Hundreds of migrants march from Belgrade to the Croatian border on the highway Belgrade-Zagreb near Pecinci 50km from Belgrade, Serbia, 12 November 2016. EPA/KOCA SULEJMANOVIC
Hundreds of migrants march from Belgrade to the Croatian border on the highway Belgrade-Zagreb near Pecinci 50km from Belgrade, Serbia, 12 November 2016. EPA/KOCA SULEJMANOVIC

The UNHCR reports that thousands of migrants have been pushed back from Croatia this year or denied the possibility of requesting asylum in the country, an accusation that the Croatian government has rejected.

About 2,500 migrants trying to reach Western Europe have been pushed back by Croatia since the beginning of the year, including about 1,500 who have been denied the right to request asylum and international protection, according to a UNHCR report entitled Desperate Journeys. The accusation has been firmly rejected by the Croatia interior ministry. 


Migrants report assault, robbery and violence by police 

Among the migrants pushed back by Croatia were about 100 children and 700 adults who said that they had suffered violence or theft of their belongings. The report includes data collected mostly through direct contact with migrants who had tried this year to use the Balkan route to Western Europe, which through Albania or Serbia leads to Croatia, Hungary or Slovenia. Some have reported attacks or theft by local gangs or smugglers and others say that police were the perpetrators.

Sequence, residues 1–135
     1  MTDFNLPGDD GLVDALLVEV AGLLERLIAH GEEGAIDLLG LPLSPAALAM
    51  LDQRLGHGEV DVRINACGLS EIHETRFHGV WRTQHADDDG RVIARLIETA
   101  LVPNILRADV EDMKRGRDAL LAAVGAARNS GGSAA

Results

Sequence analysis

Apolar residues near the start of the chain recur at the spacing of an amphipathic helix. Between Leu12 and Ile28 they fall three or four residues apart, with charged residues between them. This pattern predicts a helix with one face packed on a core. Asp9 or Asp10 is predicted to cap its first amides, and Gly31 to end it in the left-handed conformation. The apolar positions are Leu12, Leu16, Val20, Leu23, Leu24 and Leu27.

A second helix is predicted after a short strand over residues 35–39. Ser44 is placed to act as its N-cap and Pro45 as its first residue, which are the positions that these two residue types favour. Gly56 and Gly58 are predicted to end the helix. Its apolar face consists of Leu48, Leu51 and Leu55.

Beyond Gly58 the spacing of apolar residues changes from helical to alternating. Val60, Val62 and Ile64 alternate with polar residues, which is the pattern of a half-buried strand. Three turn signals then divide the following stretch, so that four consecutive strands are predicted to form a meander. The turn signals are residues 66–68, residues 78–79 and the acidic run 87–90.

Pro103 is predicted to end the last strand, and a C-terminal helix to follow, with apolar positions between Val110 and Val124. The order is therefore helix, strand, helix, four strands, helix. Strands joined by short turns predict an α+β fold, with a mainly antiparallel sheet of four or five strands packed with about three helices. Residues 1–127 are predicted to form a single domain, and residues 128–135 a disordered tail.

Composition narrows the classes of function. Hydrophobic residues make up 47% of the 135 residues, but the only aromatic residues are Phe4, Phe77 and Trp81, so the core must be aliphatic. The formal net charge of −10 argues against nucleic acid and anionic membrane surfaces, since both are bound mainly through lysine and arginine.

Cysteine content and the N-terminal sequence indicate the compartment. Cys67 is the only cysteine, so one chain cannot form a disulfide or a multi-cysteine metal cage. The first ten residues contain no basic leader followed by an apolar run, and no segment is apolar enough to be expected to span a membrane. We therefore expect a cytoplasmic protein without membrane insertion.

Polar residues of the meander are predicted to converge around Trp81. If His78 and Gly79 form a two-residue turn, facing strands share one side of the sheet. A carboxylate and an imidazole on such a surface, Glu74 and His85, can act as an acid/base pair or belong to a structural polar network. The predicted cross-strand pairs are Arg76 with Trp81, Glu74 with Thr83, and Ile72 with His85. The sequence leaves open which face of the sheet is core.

UNHCR said that 26 people died trying to cross borders in Balkan countries since January in 22 separate incidents, 12 of whom drowned in the rivers on the border between Croatia and Slovenia. The Croatian interior ministry said that all UNHCR reports were taken seriously and looked into but that all of the accusations were baseless. Croatian police say that most of the reports were by anonymous individuals without any indication of where or when, some of which were then published in international media, but were thus difficult to verify. 

The Croatian ministry noted that it had received 1,887 asylum requests in 2017 and another 646 this year as of August - numbers that, it said, show that the country does not systematically and illegally push back migrants. 

Croatian PM rejects charges against the police 

Last week, Croatian PM Andrej Plenkovic rejected accusations that police in the country engaged in abuse and violence against migrants on the borders, saying that Croatia has a role defending the EU's external borders and in so doing prevent another serious migration crisis like one seen in 2015. In an interview with the German daily Die Welt, reprinted by Croatian media, Plenkovic said that Croatian police simply implements national and European regulation, including the Schengen code and the Dublin regulation. 

Numerous migrants pushed back in Serbia and Bosnia-Herzegovina and several NGOs have repeatedly spoken out about violent and brutal methods used against them by Croatian police.
 

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